Two Truths for When You Don’t Feel Like Preaching

Two Truths for When You Don't Feel Like Preaching
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“A man only preaches a sermon well to others if he has first preached it to himself. If he does not thrive on the ‘food’ he prepares, he will not be skilled at making it appetizing to others. If the Word does not dwell in power in us, it will not pass in power from us.” – John Owen (here)

If Owen is correct, then my sermon a couple of weeks ago must have been a real stinker. I was preaching on 2 Corinthians about not losing heart in the ministry God has given us. And I was preaching while deeply discouraged. As much as I tried to “thrive” on that food I was preparing for others it just wasn’t “working.” I know the problem was with me and my own heart and not the text. But I was in a pit that I couldn’t get out of. It’s been one of those seasons where the darkness feels more pervasive than the light, and I’m just hanging on until morning.

How do I preach in a time like this? How do I preach when I don’t feel like it? And am I being a big ol’ hypocrite to do so?

It’s been my experience that this feeling is what keeps a good many of people away from doing ministry. When our feelings get all busted up and we don’t feel motivated to read Scripture, pray, share the gospel or engage in ministry, we’d rather stop than keep trucking on. We know that such a thing leads to burn out. And we know that this is the land in which hypocrites thrive. It feels so pharisaical to proclaim things to others that you aren’t feeling in your heart. And so, rather than continuing to feel like a hypocrite, we disengage.

Here are a two truths that help when we don’t feel like doing the ministry God has called us to do.

1. It’s true that nobody likes dutiful roses. But it’s better than showing up empty handed.

John Piper has used a helpful illustration concerning what he calls our duty of delight. Nobody likes dutiful roses. If a husband came home and gave his wife roses and coldly explained that he was only doing his duty, then such a thing isn’t going to be received as well.

So what do I do if on a Sunday morning all I have is duty? I don’t have delight. I don’t want to preach. I don’t want to serve. I’m hurt. I’m wounded. I’m battered. I’m beaten up. My discouragement runs deep. How do I ring the door bell and give flowers of delight?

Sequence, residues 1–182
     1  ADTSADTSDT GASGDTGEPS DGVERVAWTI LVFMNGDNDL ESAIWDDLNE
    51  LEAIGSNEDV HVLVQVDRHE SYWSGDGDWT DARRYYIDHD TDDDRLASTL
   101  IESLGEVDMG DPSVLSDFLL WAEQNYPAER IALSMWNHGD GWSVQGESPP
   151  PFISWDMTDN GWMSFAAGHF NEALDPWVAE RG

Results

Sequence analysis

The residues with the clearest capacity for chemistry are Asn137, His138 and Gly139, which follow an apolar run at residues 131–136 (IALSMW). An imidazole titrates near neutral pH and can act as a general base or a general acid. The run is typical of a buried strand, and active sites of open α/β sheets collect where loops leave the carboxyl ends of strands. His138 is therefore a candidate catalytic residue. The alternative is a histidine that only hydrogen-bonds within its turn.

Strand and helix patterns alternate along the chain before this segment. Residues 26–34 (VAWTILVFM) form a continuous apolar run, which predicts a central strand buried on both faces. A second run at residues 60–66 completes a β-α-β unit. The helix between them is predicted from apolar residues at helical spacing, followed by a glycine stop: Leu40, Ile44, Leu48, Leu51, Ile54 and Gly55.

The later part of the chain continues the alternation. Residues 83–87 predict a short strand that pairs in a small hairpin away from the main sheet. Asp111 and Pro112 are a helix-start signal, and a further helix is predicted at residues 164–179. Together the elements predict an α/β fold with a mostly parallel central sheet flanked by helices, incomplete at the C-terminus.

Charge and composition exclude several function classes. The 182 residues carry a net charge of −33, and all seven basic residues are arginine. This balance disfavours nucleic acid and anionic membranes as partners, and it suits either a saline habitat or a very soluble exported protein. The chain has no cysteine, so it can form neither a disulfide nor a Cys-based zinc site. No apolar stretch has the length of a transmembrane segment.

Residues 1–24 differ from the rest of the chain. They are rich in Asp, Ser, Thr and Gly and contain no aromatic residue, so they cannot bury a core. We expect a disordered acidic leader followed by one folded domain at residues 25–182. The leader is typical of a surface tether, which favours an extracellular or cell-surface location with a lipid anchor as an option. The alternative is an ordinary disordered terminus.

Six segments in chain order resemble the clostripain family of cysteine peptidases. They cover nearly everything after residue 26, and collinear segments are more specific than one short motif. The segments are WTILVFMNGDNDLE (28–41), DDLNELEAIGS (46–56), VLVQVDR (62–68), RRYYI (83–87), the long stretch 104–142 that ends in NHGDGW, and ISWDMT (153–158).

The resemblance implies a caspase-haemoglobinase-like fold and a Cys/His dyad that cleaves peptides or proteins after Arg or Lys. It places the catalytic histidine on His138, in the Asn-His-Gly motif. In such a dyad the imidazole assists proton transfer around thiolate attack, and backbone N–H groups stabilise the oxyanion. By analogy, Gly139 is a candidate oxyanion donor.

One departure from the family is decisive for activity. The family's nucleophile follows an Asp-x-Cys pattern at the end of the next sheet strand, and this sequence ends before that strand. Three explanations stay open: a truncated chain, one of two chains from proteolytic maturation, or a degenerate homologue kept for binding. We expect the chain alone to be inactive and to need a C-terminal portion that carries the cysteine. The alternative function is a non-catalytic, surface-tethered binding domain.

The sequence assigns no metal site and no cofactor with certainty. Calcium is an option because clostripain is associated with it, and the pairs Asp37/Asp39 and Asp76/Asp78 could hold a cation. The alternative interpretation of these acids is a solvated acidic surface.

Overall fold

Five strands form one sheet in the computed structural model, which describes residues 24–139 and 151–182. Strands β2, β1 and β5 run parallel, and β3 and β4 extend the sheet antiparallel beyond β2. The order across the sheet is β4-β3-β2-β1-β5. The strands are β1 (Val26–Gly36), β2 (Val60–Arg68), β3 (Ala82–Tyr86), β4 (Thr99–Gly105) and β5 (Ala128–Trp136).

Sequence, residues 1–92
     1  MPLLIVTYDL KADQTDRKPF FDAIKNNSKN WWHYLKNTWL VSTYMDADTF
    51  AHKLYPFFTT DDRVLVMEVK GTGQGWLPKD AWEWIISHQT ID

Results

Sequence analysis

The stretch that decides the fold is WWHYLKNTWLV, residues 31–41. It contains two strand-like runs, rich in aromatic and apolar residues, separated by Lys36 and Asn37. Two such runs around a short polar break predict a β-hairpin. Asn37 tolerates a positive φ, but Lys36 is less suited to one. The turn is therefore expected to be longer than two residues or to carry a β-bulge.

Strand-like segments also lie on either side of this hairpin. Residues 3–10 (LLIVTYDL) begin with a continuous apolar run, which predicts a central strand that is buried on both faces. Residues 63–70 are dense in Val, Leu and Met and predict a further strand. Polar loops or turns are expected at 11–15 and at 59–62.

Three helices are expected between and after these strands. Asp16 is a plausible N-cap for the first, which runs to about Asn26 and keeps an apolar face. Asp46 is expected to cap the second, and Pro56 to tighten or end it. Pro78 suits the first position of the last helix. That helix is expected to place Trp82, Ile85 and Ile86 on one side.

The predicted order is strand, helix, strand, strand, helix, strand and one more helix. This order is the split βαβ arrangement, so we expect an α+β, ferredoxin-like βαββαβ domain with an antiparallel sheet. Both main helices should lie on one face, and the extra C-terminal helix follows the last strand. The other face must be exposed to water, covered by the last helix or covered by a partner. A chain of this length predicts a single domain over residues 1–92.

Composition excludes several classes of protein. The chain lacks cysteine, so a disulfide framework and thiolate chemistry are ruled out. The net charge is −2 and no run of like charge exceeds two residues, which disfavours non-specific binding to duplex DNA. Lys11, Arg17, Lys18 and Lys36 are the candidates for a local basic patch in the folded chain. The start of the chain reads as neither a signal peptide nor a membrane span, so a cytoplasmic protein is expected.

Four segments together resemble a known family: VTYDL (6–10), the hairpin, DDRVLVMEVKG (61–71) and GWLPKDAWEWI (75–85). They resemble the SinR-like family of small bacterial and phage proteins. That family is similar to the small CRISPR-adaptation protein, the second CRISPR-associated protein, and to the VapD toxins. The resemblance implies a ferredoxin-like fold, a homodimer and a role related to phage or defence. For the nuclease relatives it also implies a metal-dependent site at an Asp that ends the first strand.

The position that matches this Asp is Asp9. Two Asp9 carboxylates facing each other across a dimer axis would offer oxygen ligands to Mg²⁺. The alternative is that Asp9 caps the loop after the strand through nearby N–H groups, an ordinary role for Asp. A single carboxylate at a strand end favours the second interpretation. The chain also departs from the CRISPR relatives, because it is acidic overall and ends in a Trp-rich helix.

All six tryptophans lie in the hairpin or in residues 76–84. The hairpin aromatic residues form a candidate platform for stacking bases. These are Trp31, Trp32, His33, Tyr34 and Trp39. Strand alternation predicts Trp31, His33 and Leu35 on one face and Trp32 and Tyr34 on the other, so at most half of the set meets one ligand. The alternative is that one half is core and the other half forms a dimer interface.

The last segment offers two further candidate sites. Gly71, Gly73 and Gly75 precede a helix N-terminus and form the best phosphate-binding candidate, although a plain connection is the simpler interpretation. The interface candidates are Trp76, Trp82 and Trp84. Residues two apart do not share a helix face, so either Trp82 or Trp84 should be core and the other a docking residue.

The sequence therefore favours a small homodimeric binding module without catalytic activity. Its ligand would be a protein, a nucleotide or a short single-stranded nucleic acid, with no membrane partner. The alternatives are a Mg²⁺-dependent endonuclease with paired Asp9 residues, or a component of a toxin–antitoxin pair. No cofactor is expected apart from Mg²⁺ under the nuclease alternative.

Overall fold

Piper is correct. The ideal would be to “serve the Lord with gladness.” In fact we are commanded to pastor out of joy instead of compulsion. But is it better to show up empty-handed? Is it better to not pastor at all, not serve the Lord at all, if I cannot do it with gladness? Or is the proper response to mourn the fact that in this moment something is broken and I’m not able to show up to the door with joyful flowers? But I still show up with flowers. I still do my duty. I still preach the word regardless of the season. I think that’s the proper response.

I am commanded to faithfully discharge my ministry no matter the season.

2. I am always preaching above my head.

There have been a few times when I’ve felt really confident in the pulpit. Those were some of the worst sermons I preached. We are never in a position to truly master God’s Word. And on this side of glory, I doubt any of us will ever really be mastered by God’s Word either. While I remain a sinner I’m always going to be preaching over my head.

On occasion we’ll feel a bit more adequate. We will feel like the glory of God isn’t so far above our heads or isn’t too far out of our reach. At other times we’ll feel the fact that we are clay pots and nothing more. Proclaiming what we hope to become isn’t hypocritical. You aren’t a hypocrite if you cannot live up to the ideal that you are hoping for. That isn’t hypocrisy, that’s humanity. Hypocrisy is when you are deliberately and deceptively preaching things that you do not believe and do not care to believe.

But preaching above your head, and preaching of that which you have not yet obtained, isn’t hypocrisy.

So knowing these truths, and a few more deeper truths about the sovereignty of God and the nature of preaching, I walk up the steps and get behind the pulpit and open my Bible and give it everything I’ve got. Some weeks that’s not much. But it’s all I’ve got. I’m confident that God delights to use a jar of clay in such a way. And on occasion the very act of preaching will spark faith and delight in my own heart. And I’ll leave the pulpit a changed man.

This article originally appeared here.

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Mike Leake
Mike Leake serves as an associate pastor at the First Baptist Church of Jasper, Indiana, and is pursuing a Master of Divinity at The Southern Baptist Theological Seminary. He and his wife, Nikki, have two young children. Mike’s writing home is mikeleake.net. Mike is also the author of Torn to Heal:God's Good Purpose in Suffering.

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